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The third and last attempt to elect a president failed in the Greek parliament, and Greece goes to the polls. This already sent EUR/USD to new lows – the lowest since 2012.

Can the very round level of 1.20 be attacked? Both UBS and ANZ weigh in with  a chart looking back to the past Greek episode:

Here is their view, courtesy of eFXnews:

Following the failure to elect the New Democracy-led coalition’s Presidential candidate at the third attempt, Greece will hold a snap general election, probably on January 25th. The following are UBS and ANZ’s takes on that and what does it mean for EUR/USD in the near-term.

UBS: A second euro-negative:

“Our bearish view on EURUSD rests on the assumption that monetary policy settings on both sides of the Atlantic are likely to diverge markedly next year. That remains the case, but nowwe believe the return of political uncertainty to Greece could trigger an acceleration of the euro’s downtrend over the next two months,” UBS argues.

“We’ve been here before, sort of Seasoned euro-watchers need only cast their minds back to 2012, when the inconclusive outcome to Greece’s first general election that year quickly drove EURUSD 6 big figures lower,” UBS adds.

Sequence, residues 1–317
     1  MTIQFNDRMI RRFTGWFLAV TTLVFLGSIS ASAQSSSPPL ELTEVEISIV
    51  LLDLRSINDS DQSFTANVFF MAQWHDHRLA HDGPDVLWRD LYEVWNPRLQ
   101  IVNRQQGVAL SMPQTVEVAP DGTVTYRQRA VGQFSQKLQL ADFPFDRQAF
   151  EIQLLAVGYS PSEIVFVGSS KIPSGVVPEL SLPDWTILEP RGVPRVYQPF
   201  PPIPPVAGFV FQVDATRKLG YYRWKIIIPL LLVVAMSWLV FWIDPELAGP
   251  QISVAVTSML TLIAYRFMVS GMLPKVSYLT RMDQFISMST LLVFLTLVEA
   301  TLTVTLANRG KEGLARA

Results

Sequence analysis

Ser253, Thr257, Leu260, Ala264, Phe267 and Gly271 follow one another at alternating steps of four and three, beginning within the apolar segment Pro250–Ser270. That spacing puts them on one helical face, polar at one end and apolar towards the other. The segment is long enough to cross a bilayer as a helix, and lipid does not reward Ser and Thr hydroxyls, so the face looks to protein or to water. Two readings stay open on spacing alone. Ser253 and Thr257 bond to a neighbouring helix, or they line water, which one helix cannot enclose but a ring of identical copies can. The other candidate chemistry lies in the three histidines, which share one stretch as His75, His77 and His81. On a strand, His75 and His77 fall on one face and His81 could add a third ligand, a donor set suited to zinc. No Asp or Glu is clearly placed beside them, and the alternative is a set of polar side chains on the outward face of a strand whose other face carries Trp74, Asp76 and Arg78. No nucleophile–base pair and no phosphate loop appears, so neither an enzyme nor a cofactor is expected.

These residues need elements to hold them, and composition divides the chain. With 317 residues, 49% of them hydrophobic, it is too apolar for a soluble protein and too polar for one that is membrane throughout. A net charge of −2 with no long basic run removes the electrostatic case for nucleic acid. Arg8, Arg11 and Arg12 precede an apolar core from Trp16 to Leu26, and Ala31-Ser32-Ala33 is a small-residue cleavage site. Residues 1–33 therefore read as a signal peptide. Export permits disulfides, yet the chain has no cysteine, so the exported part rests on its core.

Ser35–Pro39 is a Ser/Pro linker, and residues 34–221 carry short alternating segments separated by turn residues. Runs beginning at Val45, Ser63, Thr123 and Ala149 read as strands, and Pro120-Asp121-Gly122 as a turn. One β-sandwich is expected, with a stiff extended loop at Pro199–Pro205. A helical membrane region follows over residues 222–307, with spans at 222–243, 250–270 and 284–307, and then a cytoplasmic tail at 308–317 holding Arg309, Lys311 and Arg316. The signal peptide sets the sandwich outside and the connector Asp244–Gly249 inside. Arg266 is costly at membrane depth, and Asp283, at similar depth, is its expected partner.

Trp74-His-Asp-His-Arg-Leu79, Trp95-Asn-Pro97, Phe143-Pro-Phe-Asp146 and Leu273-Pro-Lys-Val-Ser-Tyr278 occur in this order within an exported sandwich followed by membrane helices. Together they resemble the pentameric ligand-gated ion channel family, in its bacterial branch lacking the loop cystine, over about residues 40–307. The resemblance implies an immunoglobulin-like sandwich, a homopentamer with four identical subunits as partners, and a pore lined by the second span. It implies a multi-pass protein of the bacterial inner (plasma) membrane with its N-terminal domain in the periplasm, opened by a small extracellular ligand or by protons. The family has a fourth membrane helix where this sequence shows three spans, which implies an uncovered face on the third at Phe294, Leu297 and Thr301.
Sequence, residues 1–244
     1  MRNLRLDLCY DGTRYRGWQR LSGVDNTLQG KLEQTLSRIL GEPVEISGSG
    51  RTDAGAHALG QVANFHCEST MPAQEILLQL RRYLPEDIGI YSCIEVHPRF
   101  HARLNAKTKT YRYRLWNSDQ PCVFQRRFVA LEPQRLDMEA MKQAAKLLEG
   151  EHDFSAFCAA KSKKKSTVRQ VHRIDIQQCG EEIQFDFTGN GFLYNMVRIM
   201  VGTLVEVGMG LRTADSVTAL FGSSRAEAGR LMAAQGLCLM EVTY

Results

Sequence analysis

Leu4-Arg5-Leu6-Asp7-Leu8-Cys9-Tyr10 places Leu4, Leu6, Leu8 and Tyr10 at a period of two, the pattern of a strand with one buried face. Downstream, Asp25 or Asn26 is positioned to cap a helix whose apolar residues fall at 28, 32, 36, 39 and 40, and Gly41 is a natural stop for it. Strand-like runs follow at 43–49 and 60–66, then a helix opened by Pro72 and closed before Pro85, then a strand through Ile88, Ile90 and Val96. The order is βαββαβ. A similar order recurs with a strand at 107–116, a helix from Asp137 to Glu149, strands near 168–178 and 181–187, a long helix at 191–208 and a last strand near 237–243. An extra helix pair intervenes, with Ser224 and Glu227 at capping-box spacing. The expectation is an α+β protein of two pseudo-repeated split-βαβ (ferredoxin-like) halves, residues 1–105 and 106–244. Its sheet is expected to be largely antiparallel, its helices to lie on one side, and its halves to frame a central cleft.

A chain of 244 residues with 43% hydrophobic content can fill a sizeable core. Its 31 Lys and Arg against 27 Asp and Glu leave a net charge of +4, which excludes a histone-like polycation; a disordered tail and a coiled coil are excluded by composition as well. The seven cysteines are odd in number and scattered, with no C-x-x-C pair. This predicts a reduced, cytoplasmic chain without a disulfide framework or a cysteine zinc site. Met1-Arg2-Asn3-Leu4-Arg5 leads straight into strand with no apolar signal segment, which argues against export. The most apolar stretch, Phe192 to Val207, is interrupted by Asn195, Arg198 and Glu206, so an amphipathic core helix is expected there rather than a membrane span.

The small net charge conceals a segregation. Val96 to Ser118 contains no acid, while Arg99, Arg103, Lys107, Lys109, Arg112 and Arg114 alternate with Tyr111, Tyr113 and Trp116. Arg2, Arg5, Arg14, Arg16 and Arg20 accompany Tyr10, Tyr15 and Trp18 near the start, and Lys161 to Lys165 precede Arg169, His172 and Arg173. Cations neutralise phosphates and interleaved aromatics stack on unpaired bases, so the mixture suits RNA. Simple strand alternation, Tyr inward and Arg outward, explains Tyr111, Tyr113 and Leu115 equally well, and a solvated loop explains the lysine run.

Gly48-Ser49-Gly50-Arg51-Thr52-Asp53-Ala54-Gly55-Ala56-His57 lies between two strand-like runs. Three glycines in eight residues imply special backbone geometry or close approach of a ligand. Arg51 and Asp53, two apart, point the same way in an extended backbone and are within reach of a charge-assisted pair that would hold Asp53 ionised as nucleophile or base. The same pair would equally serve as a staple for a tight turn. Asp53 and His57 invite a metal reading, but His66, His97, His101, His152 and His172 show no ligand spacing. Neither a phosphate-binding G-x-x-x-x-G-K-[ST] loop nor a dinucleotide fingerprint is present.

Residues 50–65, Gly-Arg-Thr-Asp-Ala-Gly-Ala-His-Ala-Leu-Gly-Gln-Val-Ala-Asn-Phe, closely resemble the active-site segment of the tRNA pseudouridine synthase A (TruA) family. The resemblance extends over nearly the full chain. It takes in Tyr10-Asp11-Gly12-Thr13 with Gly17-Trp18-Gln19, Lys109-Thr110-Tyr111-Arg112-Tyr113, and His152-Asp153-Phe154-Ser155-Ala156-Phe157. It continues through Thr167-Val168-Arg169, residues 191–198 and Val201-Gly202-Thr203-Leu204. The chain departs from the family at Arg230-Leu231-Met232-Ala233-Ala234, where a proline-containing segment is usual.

If this tail risk were to re-assert itself during the upcoming election campaign, then we think a dip below 1.20 in EURUSD could be a distinct possibility,” UBS projects.

Greek politics can hurt the euro as we have seen in the double election in 2012

ANZ: Sell any EUR/USD squeeze s/t:  

“Needless to say though a “Grexit”, or growing concerns about one, would raise risk premia across the euro area and force a significant re-pricing of assets. That is something that the ECB and the new EU Commission will truly want to avoid, as will Athens,” ANZ argues.

“In all likelihood, therefore, uncertainty in Greece will only add to pessimism towards the single currency in the short term and squeezes in EUR/USD remain selling opportunities for now,” ANZ advises.

“Whilst Greek uncertainty may also (at the margin) dampen expectations over QE at the Jan 22 meeting, the reality that regional political developments could impinge on ECB policy settings would be negative for the EUR in our view,” ANZ adds.

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